Two Omaha Med Centers Form Collaborative Lab

As part of an affiliated ACO, two hospitals formed the Nebraska Collaborative Laboratory

CEO SUMMARY: An accountable care organization with a strong clinical laboratory component is taking shape in Nebraska. The University of Nebraska Medical Center has developed a partnership with the Nebraska Methodist Health System to form an ACO called the Accountable Care Alliance. It will serve Nebraska and perhaps other parts of the Midwest. Both the pathologists and the referring physicians see opportunities to cut costs and improve clinical quality.

SINCE THE AFFORDABLE CARE ACT was signed into law in 2010, clinical laboratory directors have been asking how labs will fit within accountable care organizations (ACOs).

While physicians and hospitals are forming ACOs nationwide, clinical laboratories have mostly been missing from these operations. Many observers believe clinical laboratories might be among the last pieces of the puzzle to find a niche inside ACOs.

But now, in Nebraska, comes an early example of how ACOs and clinical laboratories are finding new ways to work together. An ACO with a strong lab component is taking shape in Omaha.

“The University of Nebraska Medical Center (TNMC) and the Nebraska Methodist Health System (NMHS) have formed an ACO called the Accountable Care Alliance,” stated Steven H. Hinrichs, M.D., Professor and Chair of the Department of Pathology and Microbiology at TNMC in Omaha. “This ACO will serve Nebraska and perhaps other parts of the Midwest.

“Health systems in Nebraska tend to be disparate and not well connected,” observed Hinrichs. “But here at the University of Nebraska Medical Center, we believe we can work together. Health reform gives us the opportunity to do so.”

The ACO brings together two rather large lab organizations. “The laboratory at 624-bed TNMC performed 5.04 million billable tests last year and had lab revenue of $297.4 million,” said TNMC Lab Director David Muirhead. “The lab at 430-bed NMHS did 1.5 million billable tests and had lab revenue of $30.9 million last year. TNMC has 238 full-time equivalent staff and 28 pathologists while NMHS has 146 FTEs and 12 pathologists.”

For Labs, Place at the Table

“The ACO was announced in 2011 and the two labs entered into a collaboration in May of this year to form the Nebraska Collaborative Laboratory (NCL),” noted Hinrichs. “Initially the two labs will create a single esoteric laboratory.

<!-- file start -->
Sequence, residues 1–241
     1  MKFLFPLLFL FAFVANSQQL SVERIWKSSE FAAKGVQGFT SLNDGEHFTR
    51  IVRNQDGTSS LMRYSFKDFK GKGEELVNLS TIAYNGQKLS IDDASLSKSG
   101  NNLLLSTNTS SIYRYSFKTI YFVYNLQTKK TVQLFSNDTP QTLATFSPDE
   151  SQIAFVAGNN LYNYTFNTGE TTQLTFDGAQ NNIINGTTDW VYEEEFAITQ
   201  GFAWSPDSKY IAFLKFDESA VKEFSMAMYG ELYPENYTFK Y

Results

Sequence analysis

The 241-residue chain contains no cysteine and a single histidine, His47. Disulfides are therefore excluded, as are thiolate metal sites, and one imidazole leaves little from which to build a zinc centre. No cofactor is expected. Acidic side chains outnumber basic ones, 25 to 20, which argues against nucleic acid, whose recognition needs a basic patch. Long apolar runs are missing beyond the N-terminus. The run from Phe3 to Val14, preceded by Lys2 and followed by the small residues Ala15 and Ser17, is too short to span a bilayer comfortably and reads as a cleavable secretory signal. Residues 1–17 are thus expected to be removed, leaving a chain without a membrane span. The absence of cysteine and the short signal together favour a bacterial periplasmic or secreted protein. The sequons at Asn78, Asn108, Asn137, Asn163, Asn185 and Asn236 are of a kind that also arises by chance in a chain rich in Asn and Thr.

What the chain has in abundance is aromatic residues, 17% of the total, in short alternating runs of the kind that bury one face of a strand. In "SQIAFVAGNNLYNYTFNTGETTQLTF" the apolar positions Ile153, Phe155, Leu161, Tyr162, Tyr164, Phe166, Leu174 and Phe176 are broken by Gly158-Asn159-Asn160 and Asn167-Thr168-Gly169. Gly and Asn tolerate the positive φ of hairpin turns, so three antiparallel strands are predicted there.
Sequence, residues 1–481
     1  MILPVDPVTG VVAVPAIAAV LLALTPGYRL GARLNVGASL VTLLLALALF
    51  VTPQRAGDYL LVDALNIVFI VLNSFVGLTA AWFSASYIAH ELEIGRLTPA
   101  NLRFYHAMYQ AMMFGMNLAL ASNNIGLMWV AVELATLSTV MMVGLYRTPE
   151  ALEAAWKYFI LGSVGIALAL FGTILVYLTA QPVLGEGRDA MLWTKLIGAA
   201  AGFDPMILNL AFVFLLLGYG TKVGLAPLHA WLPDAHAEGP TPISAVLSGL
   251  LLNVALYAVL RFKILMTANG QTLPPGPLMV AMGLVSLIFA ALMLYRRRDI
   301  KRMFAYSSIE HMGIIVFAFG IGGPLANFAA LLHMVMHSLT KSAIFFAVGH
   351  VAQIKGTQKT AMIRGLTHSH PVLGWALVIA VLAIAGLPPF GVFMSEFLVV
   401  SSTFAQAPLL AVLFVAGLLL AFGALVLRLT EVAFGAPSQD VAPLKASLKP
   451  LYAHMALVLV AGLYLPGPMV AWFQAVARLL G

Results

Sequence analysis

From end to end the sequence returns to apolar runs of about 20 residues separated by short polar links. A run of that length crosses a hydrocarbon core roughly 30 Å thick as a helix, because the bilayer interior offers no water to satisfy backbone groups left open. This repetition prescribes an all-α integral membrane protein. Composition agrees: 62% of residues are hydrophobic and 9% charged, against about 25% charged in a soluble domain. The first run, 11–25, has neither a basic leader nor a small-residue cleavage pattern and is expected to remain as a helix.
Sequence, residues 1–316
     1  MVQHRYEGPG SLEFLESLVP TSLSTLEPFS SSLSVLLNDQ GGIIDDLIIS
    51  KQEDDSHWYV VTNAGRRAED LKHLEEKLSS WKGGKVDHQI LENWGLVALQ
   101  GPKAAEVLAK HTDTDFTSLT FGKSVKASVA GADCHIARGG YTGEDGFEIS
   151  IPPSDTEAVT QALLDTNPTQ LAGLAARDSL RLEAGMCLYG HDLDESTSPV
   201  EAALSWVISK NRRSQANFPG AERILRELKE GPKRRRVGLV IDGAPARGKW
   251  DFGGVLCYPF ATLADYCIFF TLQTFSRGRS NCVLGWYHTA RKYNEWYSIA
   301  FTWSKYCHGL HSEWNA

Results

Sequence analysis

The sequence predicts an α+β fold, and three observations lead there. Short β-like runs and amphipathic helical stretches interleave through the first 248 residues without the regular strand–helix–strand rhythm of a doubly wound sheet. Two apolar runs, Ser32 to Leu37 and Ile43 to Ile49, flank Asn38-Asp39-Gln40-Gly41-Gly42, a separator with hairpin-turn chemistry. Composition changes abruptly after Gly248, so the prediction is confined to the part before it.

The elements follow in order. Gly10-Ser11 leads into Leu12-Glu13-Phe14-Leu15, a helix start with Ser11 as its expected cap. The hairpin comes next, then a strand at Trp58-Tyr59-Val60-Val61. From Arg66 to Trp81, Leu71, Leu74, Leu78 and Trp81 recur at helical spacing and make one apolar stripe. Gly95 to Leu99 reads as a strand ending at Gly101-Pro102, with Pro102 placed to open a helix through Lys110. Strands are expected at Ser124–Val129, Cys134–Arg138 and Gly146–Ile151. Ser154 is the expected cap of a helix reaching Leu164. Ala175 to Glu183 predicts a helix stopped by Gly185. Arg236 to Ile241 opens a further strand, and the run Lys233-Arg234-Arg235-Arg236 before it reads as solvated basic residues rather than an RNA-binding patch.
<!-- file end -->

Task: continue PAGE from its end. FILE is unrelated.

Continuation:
“This lab will perform high-level molecular testing for breast cancer, lung cancer, and sarcomas,” he noted. “In addition, both entities have cooperated on purchase agreements for blood products and for reference laboratory work, saving $1 million in our first year.

“At a minimum, we aim to be a strong regional player,” he continued. “By having the two labs collaborate and with the formation of an ACO involving our parent medical centers, we can move in that direction. We have the brainpower from the university and the hospitals. What we were missing was the volume. Combining our labs’ volumes gives us this opportunity.

Could Labs Be Leaders?

“For our laboratory directors, the question is ‘Where do we start?’” asked Hinrichs. “Our perspective is that our laboratories could lead the operation of the ACO in a number of ways and thus bring the larger organizations together.

“Our first step in the process was to create common standards across our respective lab organizations,” noted James Wisecarver, M.D., Ph.D., Medical Director of the Clinical Laboratories at TNMC. “Working together, we had both labs do joint purchasing. We also aligned lab test orders and reports for referring physicians.

“Next we developed joint operations with the idea that each lab could fill the other lab’s biggest needs,” he said. “In working on these initiatives, we recognized the power of this collaboration.”

“By having our two labs join efforts, we could keep many lab tests in house,” explained Thomas Williams, M.D., Director of Clinical Laboratories at NMHS. “This would reduce the volume of tests referred to the major reference laboratories, thus improving turnaround time for inpatients and saving additional costs. That was how the two labs came together to form this partnership we have now.

“These insights came as we did our first joint request for proposals (RFPs) for blood supplies,” Williams stated. “This was followed by an RFP for reference testing because we wanted the best price possible. The substantial savings and benefits from just these two deals showed us that combining our two labs would create a viable organization.

“What was interesting was, at this point in our joint activities, we saw a substantial number of opportunities to improve economies of scale,” said Williams. “That’s when we recognized that a sophisticated FISH laboratory would be a great benefit.

“At the time, neither of our two labs performed FISH (fluorescence in situ hybridization) testing,” he added. “There were other FISH labs here in Omaha. If we wanted to save money on reference testing, FISH was one test we could do in house. Because we were not doing FISH testing previously, those tests were going out to reference labs.”